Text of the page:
Why don't more Chinese people oppose the Chinese government?

Kaiser Kuo (previously) is one of the best-informed, most incisive commentators on China -- he's a Chinese-American (literal) rock star, entrepreneur and writer whose presentations on China I've been privileged to attend several times, and each one was insightful, surprising and nuanced. Read the rest

Beijing promises "no mercy" for the "backstage masterminds" of the Hong Kong uprising

China's Hong Kong and Macau Affairs Office hosted a press conference on the ongoing Hong Kong pro-democracy uprising, with spokesman Yang Guang directing every branch and agency of Hong Kong's government (including airports, universities, and the public transit system) to attack the protests, promising "Especially to those key violent criminals and their backstage masterminds, organisers and agitators, [we] must show no mercy and pursue till the end." Read the rest

Hong Kong protests level up in countermeasures, tactics, art and deadly seriousness

Hong Kong's democratic uprising has been a long masterclass in high-tech protest tactics (and the hits keep coming). Read the rest

Malicious websites that hacked into iPhones over 2-year period targeted Uyghur Muslims in China: Report

A number of malicious websites that were recently reported to have been secretly hacking into iPhones over a two-year period were in fact targeting Uyghur Muslims, Zack Whittaker of TechCrunch reports today. Read the rest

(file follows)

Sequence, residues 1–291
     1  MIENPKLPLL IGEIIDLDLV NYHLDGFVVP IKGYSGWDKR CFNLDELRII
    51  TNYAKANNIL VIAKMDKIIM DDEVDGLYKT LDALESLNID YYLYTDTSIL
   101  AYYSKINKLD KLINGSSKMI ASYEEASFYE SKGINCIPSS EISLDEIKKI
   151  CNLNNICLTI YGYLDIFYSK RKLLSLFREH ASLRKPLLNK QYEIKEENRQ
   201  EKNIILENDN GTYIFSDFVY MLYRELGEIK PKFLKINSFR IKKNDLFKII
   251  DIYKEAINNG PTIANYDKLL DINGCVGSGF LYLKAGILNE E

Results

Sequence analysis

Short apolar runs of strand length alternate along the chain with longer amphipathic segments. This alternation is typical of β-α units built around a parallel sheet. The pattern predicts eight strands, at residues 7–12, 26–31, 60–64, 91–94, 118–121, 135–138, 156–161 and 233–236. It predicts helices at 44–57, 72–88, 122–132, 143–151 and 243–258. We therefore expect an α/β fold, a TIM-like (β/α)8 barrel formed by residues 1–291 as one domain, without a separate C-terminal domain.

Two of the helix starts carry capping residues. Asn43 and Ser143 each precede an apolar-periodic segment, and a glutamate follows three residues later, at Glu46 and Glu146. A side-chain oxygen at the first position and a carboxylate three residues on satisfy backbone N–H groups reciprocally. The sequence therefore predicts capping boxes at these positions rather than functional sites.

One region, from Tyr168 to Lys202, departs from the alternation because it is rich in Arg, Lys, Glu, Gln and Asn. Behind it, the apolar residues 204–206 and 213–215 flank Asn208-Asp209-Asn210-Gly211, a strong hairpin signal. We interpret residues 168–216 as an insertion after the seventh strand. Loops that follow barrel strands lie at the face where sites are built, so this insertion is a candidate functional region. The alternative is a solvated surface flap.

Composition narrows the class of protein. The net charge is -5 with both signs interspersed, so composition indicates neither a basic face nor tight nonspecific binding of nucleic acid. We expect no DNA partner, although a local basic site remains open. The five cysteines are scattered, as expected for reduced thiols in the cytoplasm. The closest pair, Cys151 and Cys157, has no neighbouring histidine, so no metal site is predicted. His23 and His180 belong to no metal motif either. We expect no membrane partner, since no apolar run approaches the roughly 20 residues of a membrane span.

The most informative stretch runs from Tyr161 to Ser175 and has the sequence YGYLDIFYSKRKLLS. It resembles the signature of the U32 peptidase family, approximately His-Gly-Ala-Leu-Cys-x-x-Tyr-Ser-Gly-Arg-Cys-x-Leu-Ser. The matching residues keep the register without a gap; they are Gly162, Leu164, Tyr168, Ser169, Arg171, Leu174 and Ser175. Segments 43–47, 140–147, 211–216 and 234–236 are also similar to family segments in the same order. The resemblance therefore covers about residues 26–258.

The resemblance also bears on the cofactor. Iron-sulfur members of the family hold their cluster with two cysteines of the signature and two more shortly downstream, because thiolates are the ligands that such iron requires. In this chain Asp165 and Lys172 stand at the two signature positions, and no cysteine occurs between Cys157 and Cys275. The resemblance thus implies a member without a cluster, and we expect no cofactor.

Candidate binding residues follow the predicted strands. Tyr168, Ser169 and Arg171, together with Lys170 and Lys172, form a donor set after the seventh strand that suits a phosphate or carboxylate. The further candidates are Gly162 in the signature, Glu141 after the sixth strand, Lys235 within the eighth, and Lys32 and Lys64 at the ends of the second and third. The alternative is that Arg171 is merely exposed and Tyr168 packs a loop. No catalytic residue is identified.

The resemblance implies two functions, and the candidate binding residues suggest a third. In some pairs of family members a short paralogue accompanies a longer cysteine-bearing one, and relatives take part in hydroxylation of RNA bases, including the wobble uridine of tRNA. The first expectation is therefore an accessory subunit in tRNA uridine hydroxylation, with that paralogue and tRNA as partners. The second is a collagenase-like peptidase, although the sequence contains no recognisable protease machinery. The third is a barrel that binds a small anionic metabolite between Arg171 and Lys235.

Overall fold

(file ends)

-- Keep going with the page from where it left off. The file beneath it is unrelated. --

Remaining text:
Robotic bird inspired by seagull steals show at World Robot Conference in China

The fifth annual World Robot Conference was open to the public in Beijing last Thursday, August 22, and this bionic flying bird based on a herring gull was one of the more spectacular sights.

Other robots on show at the annual event in China included robo-superheroes, and Taiji-playing robots.

Rough cut of video from Reuters is here (no reporter narration).

[via] Read the rest

China's using LinkedIn to recruit spies... again

I don't think that I've ever met anyone that actually enjoys using LinkedIn. I mean sure, depending on what you do for a living, it might help you land a new gig. Maybe, it can help you to network with folks within your industry. But it's awful. On the occasions where I need to use it in order to get hold of a PR rep from some hard-to-reach tech firm, I've always found it slow to load and a drag to navigate. That said, the problems that folks like you and I have leveraging the platform for anything useful might not be enough to keep a motivated employer from using the social media platform to track down top-shelf talent.

From the New York Times:

Foreign agents are exploiting social media to try to recruit assets, with LinkedIn as a prime hunting ground, Western counterintelligence officials say. Intelligence agencies in the United States, Britain, Germany and France have issued warnings about foreign agents approaching thousands of users on the site. Chinese spies are the most active, officials say.

“We’ve seen China’s intelligence services doing this on a mass scale,” said William R. Evanina, the director of the National Counterintelligence and Security Center, a government agency that tracks foreign spying and alerts companies to possible infiltration. “Instead of dispatching spies to the U.S. to recruit a single target, it’s more efficient to sit behind a computer in China and send out friend requests to thousands of targets using fake profiles.”

Lazy access to potential intelligence assets? Read the rest

Trump and Tim Cook had dinner, Trump says Apple CEO made 'very compelling argument' to help Apple get richer

Illegitimate, popular vote losing, and manifestly unfit United States President Donald Trump said on Monday that at a recent dinner with Tim Cook -- what, you didn't think they hung out and shared meals? -- the Apple CEO made a “very compelling argument” that Apple may lose its competitive edge to Samsung because of Trump's tariffs on goods from China. Read the rest